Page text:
Mapping Bali #30 : How a Balinese Temple is Used

Culture | Written By, Bruce Granquist |

As mentioned before, there is no standard arrangement for a temple. So to explain its system of courtyards we will focus in on one particular temple, Pura Geria Sakti from the village of Kendaran in south central Bali. 

Geria Sakti schematic

This is one of the grand temples in Bali that is associated with the famous priest from the 14th century, Pedanda Nirartha and is the clan temple for the venerable clan Manuaba. This temple clearly exhibits the progression from the first to the third courtyard. It shows how the courtyards guide the visitors in the lowest, most common areas, through a series of stairs and gateways into the holiest part of the temple.

1 in the outer courtyard, or Jaba

1 in the outer courtyard, or Jaba

During a temple ceremony the activity in the lowest courtyard (being the most kelod area of the temple) is called Jaba, a place for vaudeville style entertainment, sometimes bawdy, sometimes profane. There are food and drink warungs, sometimes places for petty gambling, the most secular dances are preformed here. This is the place that celebrates humanity.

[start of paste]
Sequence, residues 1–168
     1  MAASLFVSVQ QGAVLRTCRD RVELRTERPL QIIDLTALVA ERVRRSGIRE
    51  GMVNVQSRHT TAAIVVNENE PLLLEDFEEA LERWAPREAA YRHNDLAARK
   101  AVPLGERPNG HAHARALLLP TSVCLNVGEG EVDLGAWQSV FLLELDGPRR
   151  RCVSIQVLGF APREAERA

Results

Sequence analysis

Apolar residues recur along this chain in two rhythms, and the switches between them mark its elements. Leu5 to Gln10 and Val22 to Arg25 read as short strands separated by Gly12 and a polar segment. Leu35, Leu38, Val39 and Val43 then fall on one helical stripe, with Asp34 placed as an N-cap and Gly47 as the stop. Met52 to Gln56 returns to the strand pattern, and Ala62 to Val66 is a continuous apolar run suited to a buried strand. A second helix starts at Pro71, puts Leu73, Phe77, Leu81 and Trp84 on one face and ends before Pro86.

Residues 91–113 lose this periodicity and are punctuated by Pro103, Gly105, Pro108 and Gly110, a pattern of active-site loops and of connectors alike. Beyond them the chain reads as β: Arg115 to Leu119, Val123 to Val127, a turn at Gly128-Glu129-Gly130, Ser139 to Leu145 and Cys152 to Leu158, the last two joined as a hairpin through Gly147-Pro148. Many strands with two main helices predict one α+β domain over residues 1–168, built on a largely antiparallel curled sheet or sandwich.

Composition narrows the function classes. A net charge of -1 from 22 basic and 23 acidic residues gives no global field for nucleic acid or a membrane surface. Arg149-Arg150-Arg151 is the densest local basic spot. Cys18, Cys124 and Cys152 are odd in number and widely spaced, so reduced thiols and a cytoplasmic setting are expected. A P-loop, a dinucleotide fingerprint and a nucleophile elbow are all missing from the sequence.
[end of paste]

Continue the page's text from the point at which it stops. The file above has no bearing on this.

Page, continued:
1 Moving from south to north, (ketod keja), is the wantilan and balai kul kul

1 Moving from south to north, (ketod keja), is the wantilan and balai kul kul

Starting from here the direction is towards kaja, towards the mountain, towards the inner courtyard, towards an increasingly spiritual experience. The middle courtyard, Jero, is where the worshipers wait for their turn to bring their offerings to the priests, it is a sort of staging area. At the height of the ceremonies there can be long lines of people waiting, there are plenty of opportunities for people watching and small talk. But the relatively free wheeling attitude of the lower courtyard is not evident here. Already the people’s attention is directed to the inner courtyard, where not only physical conformity to custom and dress, but also an expectation that a person’s thoughts and feelings should be acceptable to the Gods in attendance.

2 stairway to middle courtyard, Jero

2 stairway to middle courtyard, Jero

The inner sanctum is called Dalem, and it is the final stop. In this particular temple, the entire inner courtyard is blessed by an enormous banyan tree growing  immediately behind the holiest shrine. This massive tree and its thick foliage transforms the sunlight into a soft glow of cool green light.

Tagged :

About Author :

Bruce Granquist



Leave a Comment